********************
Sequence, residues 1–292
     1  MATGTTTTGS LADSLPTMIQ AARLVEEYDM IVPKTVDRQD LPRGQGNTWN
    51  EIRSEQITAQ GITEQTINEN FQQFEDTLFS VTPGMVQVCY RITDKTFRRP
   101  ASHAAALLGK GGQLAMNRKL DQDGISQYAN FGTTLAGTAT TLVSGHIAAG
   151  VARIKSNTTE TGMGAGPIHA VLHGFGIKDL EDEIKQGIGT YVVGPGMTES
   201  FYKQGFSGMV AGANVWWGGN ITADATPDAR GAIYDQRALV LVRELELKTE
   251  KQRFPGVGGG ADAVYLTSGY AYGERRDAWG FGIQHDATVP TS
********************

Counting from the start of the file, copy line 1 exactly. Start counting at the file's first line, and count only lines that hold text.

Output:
Sequence, residues 1–292